Academic journal article Seoul Journal of Economics

Wage Inequality and the Contribution of Capital, Differential Labor Quality and Efficiency to Economic Growth in Korea, 1965-2007

Academic journal article Seoul Journal of Economics

Wage Inequality and the Contribution of Capital, Differential Labor Quality and Efficiency to Economic Growth in Korea, 1965-2007

Article excerpt

We show that skilled and unskilled labors are imperfect substitutes and that capital and skilled labor are complementary in production. The Korean economy has experienced skill-biased technical changes. The capital stock growth is found to be the main source of the economic growth. The contribution of the efficiency and labor input growth of skilled workers is the second most important source. The rate of contribution of TFP growth to GDP growth has increased from 27% in 1991-1996 to 36% in 2001-2007. This paper shows that Korea's policy of educating its workforce has boosted productivity and growth and it prevented a widening in wage inequality.

Keywords: Wage inequality, Labor efficiency, Skill-biased technological change, TFP, Korea

JEL Classification: E13, J31, N15, O30, O47, O53

I. Introduction

The ratio of the wages received by skilled workers relative to the wages of unskilled workers in the United States has increased markedly since die 1970s. This increase in relative wage inequality has received enormous attention on the source of the steady rise in the wage inequality.1 A central hypothesis regarding wage inequality in the literature is that technological change has shifted labor demand toward skilled worker; skill-biased technological changes (SBTC).2

A similar increase has occurred in Korea. Before the early 1960s, Korea was largely a closed economy. The majority of employed persons were engaged in agriculture and in government service sectors or were employed by utilities and banks. The government of Korea initiated the First Five Year Economic Plan in 1961, at which time Korea exported low tech light manufactured goods.3 By the 1990s, however, the Korean economy produced and exported knowledge-intensive goods and services. Figure 1 gives tiie trend of wage inequality during the 1965-2007 period.4 It shows that the ratio of the wage rate of skilled workers to less skilled workers declined from 4.3 in 1960 to 3.4 in 1964, but then rose to a peak level of 6.3 m 1976.5 Wage inequality then generally declined to the level of 3.3 in 2000 before showing a tendency to rise again at a slow rate from 2001 to 2007. The average ratio of 3.47 during the 20012007 period is only slightly higher than the average ratio of 3.4 during the period 1993-2000 and is below the average ratio in the 1960s. We note that a rise m wage inequality does not necessarily mean that unskilled workers become worse off, but it mean that unskilled workers become better off at a slower pace than die skilled workers.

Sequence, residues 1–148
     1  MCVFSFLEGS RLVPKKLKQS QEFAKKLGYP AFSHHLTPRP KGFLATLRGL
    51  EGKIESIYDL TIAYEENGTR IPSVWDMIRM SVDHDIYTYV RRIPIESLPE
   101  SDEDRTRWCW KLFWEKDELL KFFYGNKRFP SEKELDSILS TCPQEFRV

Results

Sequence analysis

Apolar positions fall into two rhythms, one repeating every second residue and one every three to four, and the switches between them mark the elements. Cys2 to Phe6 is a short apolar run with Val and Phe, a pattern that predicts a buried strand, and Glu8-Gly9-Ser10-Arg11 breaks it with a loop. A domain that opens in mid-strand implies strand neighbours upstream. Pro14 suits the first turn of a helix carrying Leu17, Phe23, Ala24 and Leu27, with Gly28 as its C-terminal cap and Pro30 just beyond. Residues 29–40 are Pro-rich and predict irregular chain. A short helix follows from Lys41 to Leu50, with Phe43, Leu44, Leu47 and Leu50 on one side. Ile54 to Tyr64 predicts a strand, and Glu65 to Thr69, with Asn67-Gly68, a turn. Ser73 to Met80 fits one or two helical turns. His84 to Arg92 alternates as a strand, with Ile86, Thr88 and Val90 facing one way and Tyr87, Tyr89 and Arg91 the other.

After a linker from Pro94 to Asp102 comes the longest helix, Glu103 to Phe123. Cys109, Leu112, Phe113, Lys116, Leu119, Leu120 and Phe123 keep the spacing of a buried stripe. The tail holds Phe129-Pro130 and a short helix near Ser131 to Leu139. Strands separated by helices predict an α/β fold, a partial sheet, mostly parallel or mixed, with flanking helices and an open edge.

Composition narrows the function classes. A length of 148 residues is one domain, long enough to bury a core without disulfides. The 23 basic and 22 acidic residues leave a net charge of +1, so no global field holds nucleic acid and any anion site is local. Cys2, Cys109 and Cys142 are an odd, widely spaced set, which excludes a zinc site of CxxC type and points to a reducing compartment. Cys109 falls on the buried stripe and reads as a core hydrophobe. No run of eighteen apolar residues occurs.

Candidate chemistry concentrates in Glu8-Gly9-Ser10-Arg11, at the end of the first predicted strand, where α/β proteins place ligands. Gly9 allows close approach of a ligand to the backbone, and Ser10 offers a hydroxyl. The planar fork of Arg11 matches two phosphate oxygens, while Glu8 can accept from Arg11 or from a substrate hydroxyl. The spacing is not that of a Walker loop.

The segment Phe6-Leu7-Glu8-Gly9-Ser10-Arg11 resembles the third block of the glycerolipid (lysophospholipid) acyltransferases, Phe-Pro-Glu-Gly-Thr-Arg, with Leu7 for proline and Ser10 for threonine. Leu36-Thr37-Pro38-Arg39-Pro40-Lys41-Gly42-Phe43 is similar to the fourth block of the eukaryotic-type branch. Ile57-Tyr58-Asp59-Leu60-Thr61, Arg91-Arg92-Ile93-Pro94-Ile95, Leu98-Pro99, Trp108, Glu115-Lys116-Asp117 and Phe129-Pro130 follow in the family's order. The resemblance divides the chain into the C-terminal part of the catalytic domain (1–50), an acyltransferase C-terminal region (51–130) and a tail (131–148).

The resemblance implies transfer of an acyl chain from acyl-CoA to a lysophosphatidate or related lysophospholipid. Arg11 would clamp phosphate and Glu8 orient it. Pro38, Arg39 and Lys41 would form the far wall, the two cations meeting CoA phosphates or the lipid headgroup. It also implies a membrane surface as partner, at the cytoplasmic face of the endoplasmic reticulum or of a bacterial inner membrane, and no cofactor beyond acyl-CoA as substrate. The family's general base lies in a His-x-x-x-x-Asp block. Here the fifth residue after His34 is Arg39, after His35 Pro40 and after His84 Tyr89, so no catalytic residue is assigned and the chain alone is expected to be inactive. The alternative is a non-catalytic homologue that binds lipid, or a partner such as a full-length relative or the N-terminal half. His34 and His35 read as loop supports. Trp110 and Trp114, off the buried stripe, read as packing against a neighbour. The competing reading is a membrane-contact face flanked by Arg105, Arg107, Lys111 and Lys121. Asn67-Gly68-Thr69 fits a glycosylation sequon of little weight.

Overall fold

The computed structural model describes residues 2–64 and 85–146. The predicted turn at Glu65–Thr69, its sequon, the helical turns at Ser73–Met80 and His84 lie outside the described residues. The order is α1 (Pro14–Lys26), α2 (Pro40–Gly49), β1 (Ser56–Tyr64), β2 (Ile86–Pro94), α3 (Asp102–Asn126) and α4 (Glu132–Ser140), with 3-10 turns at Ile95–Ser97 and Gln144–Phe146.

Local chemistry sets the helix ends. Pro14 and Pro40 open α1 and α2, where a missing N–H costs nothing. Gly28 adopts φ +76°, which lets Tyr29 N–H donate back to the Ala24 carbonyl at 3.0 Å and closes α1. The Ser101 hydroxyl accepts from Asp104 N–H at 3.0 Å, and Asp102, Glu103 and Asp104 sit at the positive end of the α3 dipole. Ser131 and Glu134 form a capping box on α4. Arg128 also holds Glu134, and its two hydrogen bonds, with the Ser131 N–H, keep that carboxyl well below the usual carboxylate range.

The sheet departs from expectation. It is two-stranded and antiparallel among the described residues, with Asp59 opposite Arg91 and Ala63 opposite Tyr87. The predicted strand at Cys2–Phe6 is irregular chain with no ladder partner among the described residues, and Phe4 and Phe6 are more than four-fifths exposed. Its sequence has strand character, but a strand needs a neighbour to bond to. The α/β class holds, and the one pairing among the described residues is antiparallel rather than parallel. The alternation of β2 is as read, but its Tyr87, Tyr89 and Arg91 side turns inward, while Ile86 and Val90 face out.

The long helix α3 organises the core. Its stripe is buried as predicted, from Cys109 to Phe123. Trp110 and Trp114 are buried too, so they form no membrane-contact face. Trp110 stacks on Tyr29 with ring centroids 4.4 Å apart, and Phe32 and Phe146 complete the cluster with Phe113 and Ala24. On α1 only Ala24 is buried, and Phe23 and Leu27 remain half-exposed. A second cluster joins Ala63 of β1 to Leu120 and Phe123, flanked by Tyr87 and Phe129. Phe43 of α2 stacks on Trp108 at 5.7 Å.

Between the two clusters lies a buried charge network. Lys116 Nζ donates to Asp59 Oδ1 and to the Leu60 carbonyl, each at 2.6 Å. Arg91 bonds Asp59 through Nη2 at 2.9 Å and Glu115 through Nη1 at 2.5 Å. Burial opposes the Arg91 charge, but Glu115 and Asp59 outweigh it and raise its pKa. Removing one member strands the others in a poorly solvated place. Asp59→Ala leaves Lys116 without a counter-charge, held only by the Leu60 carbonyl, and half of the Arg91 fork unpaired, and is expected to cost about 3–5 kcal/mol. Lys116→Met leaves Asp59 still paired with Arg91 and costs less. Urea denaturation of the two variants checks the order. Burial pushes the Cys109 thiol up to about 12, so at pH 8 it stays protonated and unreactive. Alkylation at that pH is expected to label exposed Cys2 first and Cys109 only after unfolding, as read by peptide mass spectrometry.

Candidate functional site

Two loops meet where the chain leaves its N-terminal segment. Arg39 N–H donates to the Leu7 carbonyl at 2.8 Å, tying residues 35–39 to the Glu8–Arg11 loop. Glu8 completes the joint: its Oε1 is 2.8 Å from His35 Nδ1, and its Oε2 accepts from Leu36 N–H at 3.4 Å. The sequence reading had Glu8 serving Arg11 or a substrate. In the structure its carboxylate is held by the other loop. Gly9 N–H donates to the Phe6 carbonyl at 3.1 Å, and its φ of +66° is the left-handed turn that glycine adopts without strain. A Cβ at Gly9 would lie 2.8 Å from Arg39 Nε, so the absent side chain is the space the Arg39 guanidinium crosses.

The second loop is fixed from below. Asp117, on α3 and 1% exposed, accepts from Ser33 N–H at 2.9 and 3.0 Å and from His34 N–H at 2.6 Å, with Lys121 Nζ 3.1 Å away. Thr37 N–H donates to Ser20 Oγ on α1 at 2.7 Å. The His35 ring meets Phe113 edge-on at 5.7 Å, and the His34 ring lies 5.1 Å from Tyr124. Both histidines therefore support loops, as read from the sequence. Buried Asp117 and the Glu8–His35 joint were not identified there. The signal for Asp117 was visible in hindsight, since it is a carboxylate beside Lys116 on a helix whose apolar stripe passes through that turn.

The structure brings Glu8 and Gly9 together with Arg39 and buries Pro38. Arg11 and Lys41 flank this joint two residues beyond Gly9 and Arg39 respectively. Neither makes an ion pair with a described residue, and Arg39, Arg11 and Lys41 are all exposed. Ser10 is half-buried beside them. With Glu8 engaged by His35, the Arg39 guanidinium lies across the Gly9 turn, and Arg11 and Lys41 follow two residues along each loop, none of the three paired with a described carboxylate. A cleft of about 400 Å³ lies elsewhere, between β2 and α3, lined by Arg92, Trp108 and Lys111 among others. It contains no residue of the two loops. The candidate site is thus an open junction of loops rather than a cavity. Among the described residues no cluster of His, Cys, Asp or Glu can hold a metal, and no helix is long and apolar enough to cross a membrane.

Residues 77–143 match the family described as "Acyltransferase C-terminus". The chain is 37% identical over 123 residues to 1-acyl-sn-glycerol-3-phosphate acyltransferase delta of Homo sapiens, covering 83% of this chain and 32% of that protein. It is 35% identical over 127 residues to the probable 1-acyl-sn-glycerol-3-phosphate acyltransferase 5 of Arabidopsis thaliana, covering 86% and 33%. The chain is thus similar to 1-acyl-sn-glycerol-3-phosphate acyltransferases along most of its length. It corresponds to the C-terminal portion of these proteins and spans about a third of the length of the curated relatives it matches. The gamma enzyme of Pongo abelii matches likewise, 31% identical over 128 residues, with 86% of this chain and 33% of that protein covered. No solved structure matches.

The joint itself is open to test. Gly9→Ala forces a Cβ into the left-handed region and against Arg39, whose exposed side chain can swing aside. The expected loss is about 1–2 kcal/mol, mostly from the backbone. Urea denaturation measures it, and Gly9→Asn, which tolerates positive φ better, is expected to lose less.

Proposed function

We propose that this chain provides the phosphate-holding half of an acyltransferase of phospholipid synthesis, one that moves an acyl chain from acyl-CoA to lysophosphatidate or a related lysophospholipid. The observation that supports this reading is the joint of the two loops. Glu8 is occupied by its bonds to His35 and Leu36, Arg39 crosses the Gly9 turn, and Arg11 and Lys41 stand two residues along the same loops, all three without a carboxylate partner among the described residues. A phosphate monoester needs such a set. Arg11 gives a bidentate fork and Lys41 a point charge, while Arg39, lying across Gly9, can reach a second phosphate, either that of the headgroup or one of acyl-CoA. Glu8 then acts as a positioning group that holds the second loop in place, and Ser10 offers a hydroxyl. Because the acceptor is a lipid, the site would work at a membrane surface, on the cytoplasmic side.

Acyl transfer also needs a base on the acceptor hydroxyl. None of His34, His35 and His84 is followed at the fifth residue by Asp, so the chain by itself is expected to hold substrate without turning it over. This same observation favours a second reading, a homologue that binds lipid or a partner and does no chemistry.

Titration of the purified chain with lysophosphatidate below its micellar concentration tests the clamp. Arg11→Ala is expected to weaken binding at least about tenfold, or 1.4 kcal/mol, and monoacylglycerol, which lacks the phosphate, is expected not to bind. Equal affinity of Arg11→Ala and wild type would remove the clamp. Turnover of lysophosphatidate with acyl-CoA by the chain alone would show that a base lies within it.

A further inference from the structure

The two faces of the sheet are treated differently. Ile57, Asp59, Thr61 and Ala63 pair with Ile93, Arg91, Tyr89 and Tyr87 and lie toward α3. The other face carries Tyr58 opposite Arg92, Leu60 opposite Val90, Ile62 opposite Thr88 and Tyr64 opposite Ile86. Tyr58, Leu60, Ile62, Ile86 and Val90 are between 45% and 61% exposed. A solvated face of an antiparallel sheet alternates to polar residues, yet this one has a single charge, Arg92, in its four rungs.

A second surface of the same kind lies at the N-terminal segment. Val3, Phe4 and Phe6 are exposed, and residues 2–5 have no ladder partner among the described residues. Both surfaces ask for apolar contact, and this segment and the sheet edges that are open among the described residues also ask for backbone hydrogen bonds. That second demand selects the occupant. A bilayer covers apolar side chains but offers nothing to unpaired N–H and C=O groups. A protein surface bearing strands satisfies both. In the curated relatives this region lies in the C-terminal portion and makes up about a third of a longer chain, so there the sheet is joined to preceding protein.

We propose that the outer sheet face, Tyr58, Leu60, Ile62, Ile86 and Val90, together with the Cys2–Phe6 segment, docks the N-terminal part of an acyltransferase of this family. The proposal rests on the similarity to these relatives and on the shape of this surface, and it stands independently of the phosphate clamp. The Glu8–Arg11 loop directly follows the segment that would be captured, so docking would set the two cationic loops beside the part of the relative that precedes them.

The purposes of this paper are threefold. First, it examines which factors are main sources of wage inequality between skilled and unskilled workers in Korea. The Korean labor market evolved in line with changes in the economy's production structure and its openness to trade. Hence, wage inequality is expected to reflect the relative demand for skilled workers in an open economy which is affected by the capital stock and trade openness and the relative supply of skilled labor. We show that the two types of labor are imperfect substitutes and that capital and skilled labor are complementary in production. The paper computes the efficiencies of skilled and unskilled labor in Korea stace 1965. The ratios in efficiency between skilled and unskilled workers showed that skill- biased technological changes have been occurring. Finally, using a growth accounting method, it analyzes the contribution of factors of production to economic growth and shows ttiat total factor productivity growth cap- tures the efficiencies and quality changes of workers. Our empirical find- ings provide evidence that Korea's educated labor force enabled Korea to attain its productivity and economic growtìi wiüiout greatìy widening wage inequality and thus income inequality.

The rest of the paper is organized into four sections. Section II de- scribes the production sector framework for the analysis of wage inequal- ity. It presents the specification for empirically investigating wage in- equality and discusses die empirical results. …

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